Britt Adamson named 2020 Searle Scholar for studies of genome editing
Grants, Fellowships and Awards
Posted onApril 24, 2020
Courtesy of Princeton University | By Catherine Zandonella, Office of the Dean for Research
Sameer A. Khan/Fotobuddy
One of 15 early-career scientists chosen this year, Adamson was selected for the project, “Mapping the Processes of Genome Editing in Human Cells.” She studies the organization and function of biological pathways in human cells using genetics, with a focus on understanding how cells respond to damaged DNA, a key part of genome editing.
Adamson, who joined the Princeton faculty in 2018, was selected from a group of 199 nominees from 139 research institutions.
Each awardee will receive $300,000 in research funding over three years for projects in the biomedical sciences or chemistry. The awardees are chosen for their potential to make innovative and high-impact contributions to research.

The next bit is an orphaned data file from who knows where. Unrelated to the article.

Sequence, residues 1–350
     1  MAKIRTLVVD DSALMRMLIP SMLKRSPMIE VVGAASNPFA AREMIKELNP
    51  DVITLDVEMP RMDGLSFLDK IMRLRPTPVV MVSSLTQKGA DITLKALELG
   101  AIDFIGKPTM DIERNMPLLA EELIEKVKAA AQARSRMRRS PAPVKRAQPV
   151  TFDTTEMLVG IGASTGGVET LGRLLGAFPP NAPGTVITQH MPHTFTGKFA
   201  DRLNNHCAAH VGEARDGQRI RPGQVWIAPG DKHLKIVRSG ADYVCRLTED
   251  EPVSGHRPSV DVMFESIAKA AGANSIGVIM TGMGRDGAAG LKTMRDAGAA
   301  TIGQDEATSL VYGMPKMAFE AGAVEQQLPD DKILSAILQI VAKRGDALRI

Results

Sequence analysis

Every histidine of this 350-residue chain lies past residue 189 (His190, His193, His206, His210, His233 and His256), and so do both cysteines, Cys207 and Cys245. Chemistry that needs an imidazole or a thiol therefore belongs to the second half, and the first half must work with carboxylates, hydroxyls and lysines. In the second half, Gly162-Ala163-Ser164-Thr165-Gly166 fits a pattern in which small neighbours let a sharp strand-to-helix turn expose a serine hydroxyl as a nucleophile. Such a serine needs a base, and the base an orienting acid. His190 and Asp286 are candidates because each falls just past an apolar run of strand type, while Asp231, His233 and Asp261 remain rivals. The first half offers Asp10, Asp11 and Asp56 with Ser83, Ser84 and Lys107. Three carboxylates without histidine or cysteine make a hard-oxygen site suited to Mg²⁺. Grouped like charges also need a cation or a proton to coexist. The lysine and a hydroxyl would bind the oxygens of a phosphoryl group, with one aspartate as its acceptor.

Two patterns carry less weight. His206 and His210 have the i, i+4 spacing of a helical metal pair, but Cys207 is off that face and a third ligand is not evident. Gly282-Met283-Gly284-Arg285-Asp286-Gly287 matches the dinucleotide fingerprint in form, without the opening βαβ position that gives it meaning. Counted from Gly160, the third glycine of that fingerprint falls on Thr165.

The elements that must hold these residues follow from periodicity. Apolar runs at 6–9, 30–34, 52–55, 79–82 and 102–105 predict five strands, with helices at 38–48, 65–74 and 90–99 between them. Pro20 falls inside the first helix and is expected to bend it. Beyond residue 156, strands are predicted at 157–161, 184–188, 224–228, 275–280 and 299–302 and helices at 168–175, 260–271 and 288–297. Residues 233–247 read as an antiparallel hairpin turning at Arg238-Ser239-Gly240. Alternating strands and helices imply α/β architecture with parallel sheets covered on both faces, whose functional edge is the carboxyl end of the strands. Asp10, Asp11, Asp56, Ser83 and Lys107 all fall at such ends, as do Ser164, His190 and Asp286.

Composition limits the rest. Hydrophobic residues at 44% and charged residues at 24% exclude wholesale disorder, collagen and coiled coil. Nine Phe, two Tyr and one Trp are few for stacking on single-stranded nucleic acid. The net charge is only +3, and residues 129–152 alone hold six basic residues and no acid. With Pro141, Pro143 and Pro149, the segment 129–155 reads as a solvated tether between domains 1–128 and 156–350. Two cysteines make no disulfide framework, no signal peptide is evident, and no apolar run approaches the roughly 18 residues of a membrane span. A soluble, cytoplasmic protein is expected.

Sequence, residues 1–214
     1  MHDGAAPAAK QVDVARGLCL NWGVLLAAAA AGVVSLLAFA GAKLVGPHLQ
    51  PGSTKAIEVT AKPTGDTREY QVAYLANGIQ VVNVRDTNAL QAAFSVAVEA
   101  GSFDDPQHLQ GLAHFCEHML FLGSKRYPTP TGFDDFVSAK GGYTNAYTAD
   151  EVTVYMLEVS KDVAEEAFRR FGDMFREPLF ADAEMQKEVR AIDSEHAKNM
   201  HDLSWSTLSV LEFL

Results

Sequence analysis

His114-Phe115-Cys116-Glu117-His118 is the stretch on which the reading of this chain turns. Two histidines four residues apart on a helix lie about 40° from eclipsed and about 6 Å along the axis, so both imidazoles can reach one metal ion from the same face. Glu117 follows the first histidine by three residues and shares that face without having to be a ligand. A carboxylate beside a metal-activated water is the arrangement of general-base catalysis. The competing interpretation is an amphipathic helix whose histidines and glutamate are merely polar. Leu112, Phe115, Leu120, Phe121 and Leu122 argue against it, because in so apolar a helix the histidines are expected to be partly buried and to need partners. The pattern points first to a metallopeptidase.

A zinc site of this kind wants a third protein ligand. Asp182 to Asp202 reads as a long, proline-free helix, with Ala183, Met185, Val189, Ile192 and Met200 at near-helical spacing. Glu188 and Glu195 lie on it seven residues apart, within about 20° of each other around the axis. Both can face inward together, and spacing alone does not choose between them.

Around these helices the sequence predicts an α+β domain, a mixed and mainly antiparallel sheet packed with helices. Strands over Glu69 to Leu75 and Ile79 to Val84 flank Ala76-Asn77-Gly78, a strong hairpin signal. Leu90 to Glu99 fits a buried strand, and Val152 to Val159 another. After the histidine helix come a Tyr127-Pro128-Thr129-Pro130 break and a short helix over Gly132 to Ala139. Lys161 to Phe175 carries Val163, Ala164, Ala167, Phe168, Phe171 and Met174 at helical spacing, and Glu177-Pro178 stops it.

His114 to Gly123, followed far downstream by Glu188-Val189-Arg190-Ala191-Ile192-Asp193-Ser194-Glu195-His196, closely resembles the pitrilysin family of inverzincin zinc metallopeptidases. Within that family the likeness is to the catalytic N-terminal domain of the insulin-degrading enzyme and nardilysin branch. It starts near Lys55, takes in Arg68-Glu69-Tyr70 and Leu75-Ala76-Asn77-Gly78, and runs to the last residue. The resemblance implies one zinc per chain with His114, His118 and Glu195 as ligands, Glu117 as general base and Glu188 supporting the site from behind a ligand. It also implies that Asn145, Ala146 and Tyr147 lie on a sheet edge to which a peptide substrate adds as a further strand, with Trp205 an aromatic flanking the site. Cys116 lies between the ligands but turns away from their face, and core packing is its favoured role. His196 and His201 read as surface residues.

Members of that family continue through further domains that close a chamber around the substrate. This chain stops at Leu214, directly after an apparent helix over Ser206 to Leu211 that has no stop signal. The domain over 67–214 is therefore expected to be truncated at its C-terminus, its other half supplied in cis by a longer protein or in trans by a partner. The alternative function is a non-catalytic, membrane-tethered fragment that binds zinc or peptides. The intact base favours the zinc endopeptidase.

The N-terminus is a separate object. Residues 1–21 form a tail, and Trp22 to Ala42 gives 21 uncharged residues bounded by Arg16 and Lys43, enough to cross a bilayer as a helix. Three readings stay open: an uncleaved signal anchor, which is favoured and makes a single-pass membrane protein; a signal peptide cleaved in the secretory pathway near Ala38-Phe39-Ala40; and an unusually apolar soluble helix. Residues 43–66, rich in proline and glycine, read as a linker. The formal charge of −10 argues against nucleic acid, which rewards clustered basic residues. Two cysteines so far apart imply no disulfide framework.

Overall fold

Since 1981, 632 scientists have been named Searle Scholars. Including this year, the program has awarded more than $143 million. Eighty-five Searle Scholars have been inducted into the National Academy of Sciences, while 19 have been recognized with a MacArthur Fellowship, and one has been awarded the Nobel Prize for Chemistry.
Adamson earned her Ph.D. in genetics and genomics in 2013 from Harvard University and her B.S. in biology in 2005 from the Massachusetts Institute of Technology. As a postdoctoral researcher at the University of California, San Francisco, Adamson pioneered new approaches for understanding the roles of genes in human cells.
The Searle Scholars Program is funded through the Searle Funds at The Chicago Community Trust and administered by Kinship Foundation, the private operating foundation that manages the institutional philanthropy of the Searle Family.